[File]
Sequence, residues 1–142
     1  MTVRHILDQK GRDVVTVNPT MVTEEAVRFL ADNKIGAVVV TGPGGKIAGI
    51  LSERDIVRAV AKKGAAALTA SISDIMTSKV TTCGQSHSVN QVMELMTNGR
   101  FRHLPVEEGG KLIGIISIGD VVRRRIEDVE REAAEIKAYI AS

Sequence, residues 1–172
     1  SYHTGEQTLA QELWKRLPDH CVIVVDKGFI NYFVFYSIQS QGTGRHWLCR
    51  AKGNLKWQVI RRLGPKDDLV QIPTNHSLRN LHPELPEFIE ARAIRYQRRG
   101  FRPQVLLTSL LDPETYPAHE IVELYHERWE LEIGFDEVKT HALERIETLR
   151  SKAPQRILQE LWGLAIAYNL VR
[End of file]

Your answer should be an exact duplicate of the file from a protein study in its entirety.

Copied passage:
Sequence, residues 1–142
     1  MTVRHILDQK GRDVVTVNPT MVTEEAVRFL ADNKIGAVVV TGPGGKIAGI
    51  LSERDIVRAV AKKGAAALTA SISDIMTSKV TTCGQSHSVN QVMELMTNGR
   101  FRHLPVEEGG KLIGIISIGD VVRRRIEDVE REAAEIKAYI AS

Sequence, residues 1–172
     1  SYHTGEQTLA QELWKRLPDH CVIVVDKGFI NYFVFYSIQS QGTGRHWLCR
    51  AKGNLKWQVI RRLGPKDDLV QIPTNHSLRN LHPELPEFIE ARAIRYQRRG
   101  FRPQVLLTSL LDPETYPAHE IVELYHERWE LEIGFDEVKT HALERIETLR
   151  SKAPQRILQE LWGLAIAYNL VR